The peace agreement negotiated between the Colombian government and the Revolutionary Armed Forces of Colombia (FARC), announced June 23, was an historic moment in security studies and conflict resolution.
For those policy experts without a strong Latin American background, however, the timely work of Associate Professor of Political Science Russell Crandall and recent graduate Haley Rhodes '16 will be a key resource. The pair wrote a briefing titled "Colombia: the fraught end of a long war" for the UK's prominent think-tank International Institute for Strategic Studies (IISS) and their subscription briefing series, "IISS Strategic Comments."
Crandall and Rhodes frame their analysis with a summary of the decades-long conflict in the South American nation, the longest armed conflict in the Western hemisphere, and the heretofore unsuccessful attempts to reach an agreement between the government and the FARC. The set of negotiations that led to the June 23 announcements began four years ago under the direction of President Juan Manuel Santos.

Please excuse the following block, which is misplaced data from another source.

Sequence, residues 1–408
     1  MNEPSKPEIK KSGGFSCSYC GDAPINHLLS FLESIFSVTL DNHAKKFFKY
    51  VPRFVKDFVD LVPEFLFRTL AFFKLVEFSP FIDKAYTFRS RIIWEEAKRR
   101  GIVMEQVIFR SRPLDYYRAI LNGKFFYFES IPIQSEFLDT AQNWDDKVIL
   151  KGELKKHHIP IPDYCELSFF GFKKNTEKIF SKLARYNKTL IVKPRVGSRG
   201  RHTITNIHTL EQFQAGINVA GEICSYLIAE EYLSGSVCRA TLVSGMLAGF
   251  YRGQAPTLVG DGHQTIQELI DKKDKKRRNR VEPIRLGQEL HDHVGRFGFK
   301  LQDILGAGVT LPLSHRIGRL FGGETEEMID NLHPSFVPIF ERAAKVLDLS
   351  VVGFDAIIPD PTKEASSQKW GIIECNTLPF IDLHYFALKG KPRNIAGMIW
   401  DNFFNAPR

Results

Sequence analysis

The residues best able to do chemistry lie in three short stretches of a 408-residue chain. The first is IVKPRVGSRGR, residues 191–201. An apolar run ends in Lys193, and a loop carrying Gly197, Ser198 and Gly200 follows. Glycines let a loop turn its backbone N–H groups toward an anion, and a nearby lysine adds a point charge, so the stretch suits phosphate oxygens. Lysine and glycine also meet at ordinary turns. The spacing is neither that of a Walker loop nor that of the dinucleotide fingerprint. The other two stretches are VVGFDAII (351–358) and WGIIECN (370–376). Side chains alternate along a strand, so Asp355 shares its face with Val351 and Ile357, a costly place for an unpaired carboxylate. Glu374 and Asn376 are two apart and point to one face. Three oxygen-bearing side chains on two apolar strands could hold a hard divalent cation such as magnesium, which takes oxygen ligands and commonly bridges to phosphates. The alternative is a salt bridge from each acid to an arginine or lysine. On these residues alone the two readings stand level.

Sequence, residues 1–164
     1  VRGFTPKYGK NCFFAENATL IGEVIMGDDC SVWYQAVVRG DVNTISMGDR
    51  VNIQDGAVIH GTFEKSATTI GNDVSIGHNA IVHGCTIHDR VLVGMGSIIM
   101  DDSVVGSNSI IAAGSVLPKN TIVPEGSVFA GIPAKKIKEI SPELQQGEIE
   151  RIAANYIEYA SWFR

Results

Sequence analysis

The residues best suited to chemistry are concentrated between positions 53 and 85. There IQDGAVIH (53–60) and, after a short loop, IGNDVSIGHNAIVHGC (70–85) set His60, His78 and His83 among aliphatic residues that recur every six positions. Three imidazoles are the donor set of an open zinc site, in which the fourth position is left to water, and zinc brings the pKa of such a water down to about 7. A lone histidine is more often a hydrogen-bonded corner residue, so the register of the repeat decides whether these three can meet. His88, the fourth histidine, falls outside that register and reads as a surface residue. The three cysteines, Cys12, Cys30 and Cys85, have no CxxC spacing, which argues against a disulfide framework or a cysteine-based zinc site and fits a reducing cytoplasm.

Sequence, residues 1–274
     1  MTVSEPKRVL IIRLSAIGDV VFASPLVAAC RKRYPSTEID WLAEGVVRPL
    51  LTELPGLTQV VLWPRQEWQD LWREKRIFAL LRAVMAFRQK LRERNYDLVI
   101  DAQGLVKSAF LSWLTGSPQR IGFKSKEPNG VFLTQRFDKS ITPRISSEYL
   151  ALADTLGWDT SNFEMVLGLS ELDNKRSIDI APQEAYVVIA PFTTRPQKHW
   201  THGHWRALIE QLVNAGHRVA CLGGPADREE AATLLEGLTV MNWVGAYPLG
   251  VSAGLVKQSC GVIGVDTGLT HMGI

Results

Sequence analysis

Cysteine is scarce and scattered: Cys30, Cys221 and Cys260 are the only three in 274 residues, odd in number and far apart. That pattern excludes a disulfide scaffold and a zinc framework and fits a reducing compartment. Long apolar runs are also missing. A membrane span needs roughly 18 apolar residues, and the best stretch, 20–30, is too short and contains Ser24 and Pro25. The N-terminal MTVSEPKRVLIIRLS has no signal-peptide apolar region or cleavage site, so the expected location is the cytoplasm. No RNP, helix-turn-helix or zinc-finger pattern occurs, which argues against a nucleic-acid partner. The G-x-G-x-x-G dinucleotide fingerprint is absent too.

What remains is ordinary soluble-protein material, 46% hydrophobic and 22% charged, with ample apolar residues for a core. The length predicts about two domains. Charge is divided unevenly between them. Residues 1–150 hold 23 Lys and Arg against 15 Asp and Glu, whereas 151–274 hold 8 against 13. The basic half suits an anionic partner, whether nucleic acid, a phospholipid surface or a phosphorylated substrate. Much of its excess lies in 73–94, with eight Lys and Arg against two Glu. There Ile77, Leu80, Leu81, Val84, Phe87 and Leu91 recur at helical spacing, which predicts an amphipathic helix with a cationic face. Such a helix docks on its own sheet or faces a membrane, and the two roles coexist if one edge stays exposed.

The "innovative and comprehensive" peace accord is not short on critics; many Colombian citizens continue to oppose some of the deal's negotiated terms, particularly justice provisions that critics view as too lenient for FARC fighters. Additionally, levels of confidence in the government, President Santos and the peace process overall are particularly low.
With "cautious optimism" about the peace process, Crandall and Rhodes conclude that while the Colombian people will likely vote yes two-to-one in an October plebiscite to officially approve the deal, the real challenge will be the act of implementation and state-building that follows.
Crandall and Rhodes's briefing is available for purchase and digital download on the IISS website.